'CRISIS OF CHARITY, NOT OBEDIENCE'
THE real crisis in today's Church was not one of faith or obedience, but of charity, saidFr. John McKenzie, the American scripture scholar, speaking at a meetint in Liverpool organised by the Scottish branch of the Catholic Renewal Movement last week.
The meeting was held at the university chaplaincy and was attended by Archbishop Beck of Liverpool.
Fr. McKenzie said that many thought it an exaggeration to speak of a crisis in the Church, and saw the necessity to distinguish between a crisis of obedience and a crisis of faith. Some thought they were the same, but, just as in a family, this was not so.
Insubordination became a crisis only when it was habitual, sustained and amounting to a refusal to accept authority. Disagreement over policy did not dissolve a society, but it might be a way of structuring differences of opinion over which it was not necessary to quarrel.
"It is not a healthy society which does not allow differences," said Fr. McKenzie.
OVER-REACTION In the past, especially since the over-reaction of the Holy See to modernism, differences which did exist had not been expressed. Now people called the expression of them a crisis. To respond to them with harshness could lose us something more precious than that which had been disputed. Dissent should not be looked upon as the next thing to treason.
Concerning the crisis in faith, Mr. McKenzie said he had not in the last ten years seen anything which could be described as a major denial of faith. "The crisis in belief is that so many people in the Church believe things which are really not so." He quoted the Galileo incident as an example from the past to show that this was not a new phenomenon.
"There have always been periods of theological advance. This generation is seeing a good deal of it because hardly anything had been done since the over-kill of modernism. The panic created lasted until 1939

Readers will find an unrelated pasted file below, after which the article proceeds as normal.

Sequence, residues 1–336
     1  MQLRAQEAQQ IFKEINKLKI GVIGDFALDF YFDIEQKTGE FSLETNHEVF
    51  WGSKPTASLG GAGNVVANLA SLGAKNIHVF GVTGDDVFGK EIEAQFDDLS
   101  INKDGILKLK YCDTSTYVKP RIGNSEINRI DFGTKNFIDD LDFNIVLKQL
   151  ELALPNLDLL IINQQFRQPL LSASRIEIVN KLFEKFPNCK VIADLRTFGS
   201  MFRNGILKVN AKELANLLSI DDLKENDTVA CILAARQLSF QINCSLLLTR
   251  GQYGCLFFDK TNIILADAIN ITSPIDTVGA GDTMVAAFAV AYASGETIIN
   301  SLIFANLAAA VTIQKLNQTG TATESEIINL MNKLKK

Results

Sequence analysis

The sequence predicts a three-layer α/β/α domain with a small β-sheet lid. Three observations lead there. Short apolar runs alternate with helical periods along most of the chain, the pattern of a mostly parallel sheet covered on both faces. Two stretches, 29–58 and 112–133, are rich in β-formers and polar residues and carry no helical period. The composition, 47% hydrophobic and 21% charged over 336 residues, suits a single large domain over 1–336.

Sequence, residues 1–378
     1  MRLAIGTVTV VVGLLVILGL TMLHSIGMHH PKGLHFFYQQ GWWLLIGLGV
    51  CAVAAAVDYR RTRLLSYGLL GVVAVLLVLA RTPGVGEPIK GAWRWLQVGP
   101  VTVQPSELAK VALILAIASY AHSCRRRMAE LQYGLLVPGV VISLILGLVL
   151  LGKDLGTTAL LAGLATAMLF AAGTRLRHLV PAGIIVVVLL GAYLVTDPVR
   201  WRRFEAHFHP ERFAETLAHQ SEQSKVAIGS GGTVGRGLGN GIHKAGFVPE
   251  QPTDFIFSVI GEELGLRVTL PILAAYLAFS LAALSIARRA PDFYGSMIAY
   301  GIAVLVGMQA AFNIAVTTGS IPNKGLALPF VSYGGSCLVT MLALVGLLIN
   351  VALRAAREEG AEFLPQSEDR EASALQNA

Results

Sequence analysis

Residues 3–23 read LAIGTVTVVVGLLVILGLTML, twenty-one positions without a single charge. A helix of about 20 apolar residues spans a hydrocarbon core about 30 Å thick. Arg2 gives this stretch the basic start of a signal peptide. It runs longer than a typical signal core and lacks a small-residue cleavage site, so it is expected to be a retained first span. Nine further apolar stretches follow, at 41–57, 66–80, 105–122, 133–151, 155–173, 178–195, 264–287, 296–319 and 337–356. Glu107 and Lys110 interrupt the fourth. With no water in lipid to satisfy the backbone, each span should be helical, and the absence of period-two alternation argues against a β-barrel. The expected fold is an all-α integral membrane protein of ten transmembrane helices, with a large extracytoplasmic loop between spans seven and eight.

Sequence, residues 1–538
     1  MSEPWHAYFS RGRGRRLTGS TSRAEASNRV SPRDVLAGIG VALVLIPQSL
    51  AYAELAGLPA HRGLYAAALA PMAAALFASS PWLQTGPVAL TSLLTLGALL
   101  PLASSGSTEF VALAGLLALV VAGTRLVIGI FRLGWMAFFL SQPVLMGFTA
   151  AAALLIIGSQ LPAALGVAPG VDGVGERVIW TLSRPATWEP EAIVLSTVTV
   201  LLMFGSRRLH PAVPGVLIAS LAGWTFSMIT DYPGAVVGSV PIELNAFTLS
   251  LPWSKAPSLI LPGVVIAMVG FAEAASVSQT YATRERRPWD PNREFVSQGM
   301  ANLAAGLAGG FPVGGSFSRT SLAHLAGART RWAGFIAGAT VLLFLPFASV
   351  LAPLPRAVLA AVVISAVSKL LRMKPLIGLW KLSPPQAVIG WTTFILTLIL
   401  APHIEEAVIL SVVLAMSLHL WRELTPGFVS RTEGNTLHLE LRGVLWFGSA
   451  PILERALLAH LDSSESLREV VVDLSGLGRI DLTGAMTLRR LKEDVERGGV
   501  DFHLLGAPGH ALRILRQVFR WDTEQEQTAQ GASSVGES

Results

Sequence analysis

and only a ''safe" theology was taught because of the fear that someone would get hurt. It was safe, therefore, to repeat something even if it was wrong," he
MOVING AT PACE Because of the removal of the block, theology was now moving at a pace. In theology they believed in collecting opinions, not stifling them. Calling off the dogs would do is 1ot more to solve the crisis of faith.
Part of the crisis, he considered, was that the local church did not feel that it was the Church, but only a branch, yet, as Karl Rahner had said, any church, however small, should have the entire experience of the Church. This had come about as the result of our tendency to over-centralise.
If the experience of the Church were the experience of love it should be possible even in the most remote village. It
should not be necessary to go to a cathedral to experience the Church.
LEADERSHIP CRISIS There was also a crisis of authority in another sense, the Crisis of leadership. We must preserve our love as we differed. The exchange in public of charge and counter-charge should be avoided. As a weapon gossip was unworthy of a Christian, yet there had been more in the last ten years than in the previous fifty. "If you can't deal with a man's arguments then 'blacken his character."
s Fr. McKenzie instanced seminary courses where he was told six months was spent in the study of the virtue of chastity and only a week in the study of the virtue of charity. "Charity should be the first virtue," he said. One of the functions of leadership was to unify all those subject to its authority.